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The Latest on Tax Takings and Owners' Right to a Return of Equity

Most towns are familiar with the tax taking process. However, the process as we know it is under scrutiny by courts and lawmakers following the Supreme Court’s 2023 decision in Tyler v. Hennepin County, Minnesota, which held that a Minnesota statute that did not provide a mechanism for the delinquent taxpayer to recover any value over what is owed to the government violated the Fifth Amendment’s Takings Clause (“nor shall private property be taken for public use, without just compensation”). 

  

Whether and how the Massachusetts statutory scheme for tax takings will need to change in light of this opinion is yet to be determined. The Superior Court’s recent opinion in Mills v. City of Springfield found that the Massachusetts tax taking statute (G.L. c. 60) violates the takings clauses of the Massachusetts and United States Constitutions. Specifically, the statute allows municipalities to take and hold the entire proceeds upon sale of the property on which taxes are owed, even if the taxes owed amount to a small fraction of the total value. The property owner loses the value of all his or her equity in the property to satisfy a tax bill that may be of lesser value. Therefore, the Mills Court’s held that the tax takings statute is “unconstitutional as applied in circumstances . . . where the tax debt is less than the value of the property.” 

  

However, the Land Court more recently issued a different opinion of Tyler v. Hennepin County’s implications for the Massachusetts tax takings scheme. In its May 2024 decision and order in Tyngsborough v. Recco, the Land Court distinguished the Massachusetts statute from the Minnesota statute overturned in Tyler. In contrast to Minnesota’s law, the Massachusetts tax taking process does not address what must be done with the proceeds of a foreclosure sale, and a Town may return to the delinquent taxpayer the surplus proceeds following a post-foreclosure sale. In fact, the Land Court noted that Tyngsborough had acknowledged its “constitutional obligation to compensate an owner following a taking of her property” (emphasis added). In addition, the property owner would have a cause of action to recover damages under M.G.L. c. 79, § 10.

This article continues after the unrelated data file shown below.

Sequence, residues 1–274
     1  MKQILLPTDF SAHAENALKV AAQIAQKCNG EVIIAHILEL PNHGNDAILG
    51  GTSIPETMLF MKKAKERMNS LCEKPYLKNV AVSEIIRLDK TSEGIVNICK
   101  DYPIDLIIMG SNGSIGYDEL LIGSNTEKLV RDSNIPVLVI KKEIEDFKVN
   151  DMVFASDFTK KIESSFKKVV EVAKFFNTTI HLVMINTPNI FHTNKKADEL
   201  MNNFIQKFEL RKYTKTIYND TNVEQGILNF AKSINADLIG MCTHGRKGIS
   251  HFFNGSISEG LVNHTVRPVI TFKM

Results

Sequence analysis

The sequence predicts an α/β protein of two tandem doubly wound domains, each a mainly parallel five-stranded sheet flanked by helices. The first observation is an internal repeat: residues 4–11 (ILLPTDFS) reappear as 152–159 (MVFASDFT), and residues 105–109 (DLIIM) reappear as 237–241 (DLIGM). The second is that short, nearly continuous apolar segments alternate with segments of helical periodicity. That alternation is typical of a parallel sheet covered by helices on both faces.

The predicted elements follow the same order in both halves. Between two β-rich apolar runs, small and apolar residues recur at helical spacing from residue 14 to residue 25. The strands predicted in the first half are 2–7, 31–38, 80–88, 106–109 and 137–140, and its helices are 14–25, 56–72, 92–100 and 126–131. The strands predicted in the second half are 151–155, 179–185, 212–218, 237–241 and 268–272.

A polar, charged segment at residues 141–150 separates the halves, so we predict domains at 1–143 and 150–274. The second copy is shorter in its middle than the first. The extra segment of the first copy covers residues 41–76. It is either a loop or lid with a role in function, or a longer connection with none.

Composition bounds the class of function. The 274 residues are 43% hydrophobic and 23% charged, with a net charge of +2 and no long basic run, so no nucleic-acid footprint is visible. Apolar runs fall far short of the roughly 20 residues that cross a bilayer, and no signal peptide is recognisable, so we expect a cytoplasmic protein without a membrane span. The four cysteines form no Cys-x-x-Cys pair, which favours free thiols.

Despite these conflicting analyses of the constitutionality of G.L. c. 60, both decisions recognize the right of the delinquent taxpayer to recover excess value upon foreclosure, in the Mills case as a constitutional obligation of the municipality, and in the Tyngsborough case, as a right of recovery by the taxpayer or a condition of sale by the municipality. The Massachusetts Legislature is poised to act to bring the tax taking law into constitutional compliance; the Senate on May 23 passed an amendment that would require towns to compensate the former property owner for the balance of proceeds from the sale beyond the town’s reasonable expenses. We will alert you to any updates to this legislation. 

 

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